October 7, 2009

Dreams Shattered, Hope Lost: The story of a fifteen year old deportee

“My last Christmas in the US, I couldn’t even think of anything to ask for; I had everything,” Katy told me, as she reminisced on her life in the United States. Katy lived with her parents and her sister in a spacious house in suburban Louisiana. Her parents moved to the US when she was two years old, and were able to achieve the American dream. They had a house, several cars, and two daughters headed for success.

Katy’s father had his own business painting cars, her mother was a housewife, and Katy was a typical American teenager. On weekends, she went out with her friends to the mall or the movies. Tears streamed down her face when she thought of all she had lost – of the life she once lived.

Katy was fifteen years old when immigration agents told her family they had a week to leave the country. She was finishing up middle school, and her sister was enrolled in college. This was their worst nightmare. Their parents moved to another town, in the hopes that they could delay their departure. However, immigration agents soon found the family. When the immigration agents arrived, they handcuffed Katy, who was waiting at the school bus stop. “It was in front of everybody,” she told me.

Katy’s father and sister were taken to a county jail, and Katy and her mother were allowed to stay at a friend’s house for their last four days in the country. Although Katy had been in the US for thirteen years, and her father had been in the US since before she was born, they had not successfully legalized their status, and were deported to a country Katy knew nothing about.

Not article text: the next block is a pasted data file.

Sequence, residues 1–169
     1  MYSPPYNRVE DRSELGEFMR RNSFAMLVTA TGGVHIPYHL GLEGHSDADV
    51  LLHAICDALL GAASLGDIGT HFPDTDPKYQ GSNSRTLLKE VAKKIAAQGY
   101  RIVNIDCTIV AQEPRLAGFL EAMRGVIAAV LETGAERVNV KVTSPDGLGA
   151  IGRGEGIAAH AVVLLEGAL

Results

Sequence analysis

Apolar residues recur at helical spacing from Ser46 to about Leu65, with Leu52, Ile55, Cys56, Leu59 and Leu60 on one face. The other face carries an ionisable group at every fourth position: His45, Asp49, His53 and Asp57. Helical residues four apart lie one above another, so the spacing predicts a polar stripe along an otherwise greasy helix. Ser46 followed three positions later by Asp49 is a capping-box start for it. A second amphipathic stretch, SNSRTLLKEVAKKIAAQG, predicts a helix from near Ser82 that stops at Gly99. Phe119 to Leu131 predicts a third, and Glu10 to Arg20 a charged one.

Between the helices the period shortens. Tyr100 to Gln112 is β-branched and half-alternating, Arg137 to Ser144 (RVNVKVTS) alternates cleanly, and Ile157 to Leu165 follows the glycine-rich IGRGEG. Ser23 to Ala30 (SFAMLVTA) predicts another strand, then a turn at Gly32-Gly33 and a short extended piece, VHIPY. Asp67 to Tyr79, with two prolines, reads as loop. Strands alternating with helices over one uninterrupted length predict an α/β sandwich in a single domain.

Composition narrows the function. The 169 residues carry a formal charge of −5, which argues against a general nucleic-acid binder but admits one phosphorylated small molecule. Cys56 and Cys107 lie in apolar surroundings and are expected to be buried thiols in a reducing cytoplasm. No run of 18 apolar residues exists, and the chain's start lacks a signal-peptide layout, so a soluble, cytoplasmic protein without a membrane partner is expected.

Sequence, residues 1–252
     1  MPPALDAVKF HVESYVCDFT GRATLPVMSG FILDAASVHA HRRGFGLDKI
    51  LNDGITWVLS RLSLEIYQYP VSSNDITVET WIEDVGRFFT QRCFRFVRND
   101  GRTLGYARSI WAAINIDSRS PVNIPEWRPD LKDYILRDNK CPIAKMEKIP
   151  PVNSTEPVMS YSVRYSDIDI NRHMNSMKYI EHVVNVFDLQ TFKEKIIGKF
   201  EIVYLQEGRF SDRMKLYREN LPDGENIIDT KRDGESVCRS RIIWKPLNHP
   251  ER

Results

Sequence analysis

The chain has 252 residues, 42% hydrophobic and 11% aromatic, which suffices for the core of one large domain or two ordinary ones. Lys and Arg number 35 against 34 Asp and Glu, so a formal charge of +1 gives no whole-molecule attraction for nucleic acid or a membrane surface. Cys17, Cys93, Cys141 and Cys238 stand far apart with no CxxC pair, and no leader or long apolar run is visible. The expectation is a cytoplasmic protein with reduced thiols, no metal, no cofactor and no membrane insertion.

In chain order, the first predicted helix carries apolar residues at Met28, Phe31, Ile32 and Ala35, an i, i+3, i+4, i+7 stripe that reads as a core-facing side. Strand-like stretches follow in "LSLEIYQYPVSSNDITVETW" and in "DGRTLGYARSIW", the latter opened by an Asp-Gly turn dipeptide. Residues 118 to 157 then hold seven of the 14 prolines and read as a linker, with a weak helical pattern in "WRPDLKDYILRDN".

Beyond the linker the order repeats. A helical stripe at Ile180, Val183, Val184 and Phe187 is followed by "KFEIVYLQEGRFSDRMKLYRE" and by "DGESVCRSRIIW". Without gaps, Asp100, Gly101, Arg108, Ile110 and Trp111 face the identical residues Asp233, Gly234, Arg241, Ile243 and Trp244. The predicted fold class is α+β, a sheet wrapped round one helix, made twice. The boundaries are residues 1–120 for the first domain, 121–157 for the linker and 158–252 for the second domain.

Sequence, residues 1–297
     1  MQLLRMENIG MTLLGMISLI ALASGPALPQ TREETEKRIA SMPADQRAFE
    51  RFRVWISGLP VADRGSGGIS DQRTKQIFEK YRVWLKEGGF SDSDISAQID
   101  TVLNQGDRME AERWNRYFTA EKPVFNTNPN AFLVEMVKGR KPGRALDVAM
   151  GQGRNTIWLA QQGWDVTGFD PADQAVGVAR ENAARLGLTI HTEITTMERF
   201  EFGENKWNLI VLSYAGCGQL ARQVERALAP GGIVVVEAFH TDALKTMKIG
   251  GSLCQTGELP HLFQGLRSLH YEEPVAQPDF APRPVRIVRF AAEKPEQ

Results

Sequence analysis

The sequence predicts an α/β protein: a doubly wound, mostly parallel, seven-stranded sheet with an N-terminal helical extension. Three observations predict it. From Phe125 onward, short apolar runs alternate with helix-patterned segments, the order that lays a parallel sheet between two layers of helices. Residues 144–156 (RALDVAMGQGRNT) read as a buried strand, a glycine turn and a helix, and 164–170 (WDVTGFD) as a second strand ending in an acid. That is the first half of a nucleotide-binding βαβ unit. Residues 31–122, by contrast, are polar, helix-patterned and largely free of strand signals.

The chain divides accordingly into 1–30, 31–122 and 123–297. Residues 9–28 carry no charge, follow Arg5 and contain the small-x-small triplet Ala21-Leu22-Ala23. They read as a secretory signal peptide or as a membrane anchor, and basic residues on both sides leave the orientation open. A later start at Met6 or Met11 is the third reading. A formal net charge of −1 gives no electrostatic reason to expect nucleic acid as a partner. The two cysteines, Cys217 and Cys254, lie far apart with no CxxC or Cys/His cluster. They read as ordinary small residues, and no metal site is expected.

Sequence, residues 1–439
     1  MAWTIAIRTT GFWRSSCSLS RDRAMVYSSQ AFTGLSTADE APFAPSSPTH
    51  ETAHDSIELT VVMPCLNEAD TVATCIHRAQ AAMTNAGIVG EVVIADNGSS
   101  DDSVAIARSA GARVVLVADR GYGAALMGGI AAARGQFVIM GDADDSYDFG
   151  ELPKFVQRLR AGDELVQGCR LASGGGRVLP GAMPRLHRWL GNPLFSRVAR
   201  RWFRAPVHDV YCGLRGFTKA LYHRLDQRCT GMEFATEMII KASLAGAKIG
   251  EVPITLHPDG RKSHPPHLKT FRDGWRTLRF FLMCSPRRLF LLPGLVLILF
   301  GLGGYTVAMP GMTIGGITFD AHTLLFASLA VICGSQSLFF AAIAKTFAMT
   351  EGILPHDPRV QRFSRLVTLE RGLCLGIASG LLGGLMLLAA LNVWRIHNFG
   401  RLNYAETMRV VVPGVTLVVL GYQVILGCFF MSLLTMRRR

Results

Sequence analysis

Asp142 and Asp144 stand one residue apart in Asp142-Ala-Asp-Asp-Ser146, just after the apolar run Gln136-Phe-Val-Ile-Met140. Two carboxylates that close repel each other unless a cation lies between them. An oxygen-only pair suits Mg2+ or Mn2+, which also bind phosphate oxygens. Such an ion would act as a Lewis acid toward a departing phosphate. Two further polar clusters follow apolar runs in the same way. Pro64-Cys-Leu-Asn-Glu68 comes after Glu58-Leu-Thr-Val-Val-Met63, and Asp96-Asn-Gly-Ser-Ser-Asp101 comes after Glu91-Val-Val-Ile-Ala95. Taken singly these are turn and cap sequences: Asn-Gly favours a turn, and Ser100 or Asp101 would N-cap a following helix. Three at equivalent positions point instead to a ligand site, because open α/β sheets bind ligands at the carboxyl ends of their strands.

When they were deported to Guatemala, Katy could not believe how drastically her life had changed. They were fortunate that they had a place to go – Katy’s grandmother had passed away and left them a house. However, it was a simple dwelling, with adobe walls, a tin roof, and the bathroom was outside on the patio.

It is already difficult to be an adolescent, and Katy did not deal well with this fall from riches to rags. She fell into a deep depression, and barely left the house for over a year. Unable to read or write Spanish, she never went back to school.

In the US, Katy excelled in school, was popular with her friends, and never got into trouble. She had dreams of becoming a veterinarian, and her sister was already studying to be a doctor. When they were deported to Guatemala, her dreams were shattered.

They have been here for nine years, but the wounds are very deep, and Katy still hurts from what happened to her when she was fifteen. She shed tears for most of the interview. Just thinking about what happened to her and her family was too much to bear.

Katy still dreams of going back to America. Unfortunately, that is not possible right now, and she must continue to make her life in Guatemala.


  1. Your work is so important! Keep it up! We need to hear these voices! This research is going to blow you up!

  2. Thanks, Randal. That is great to hear. It gives me motivation to keep going! Two interviews scheduled for tomorrow!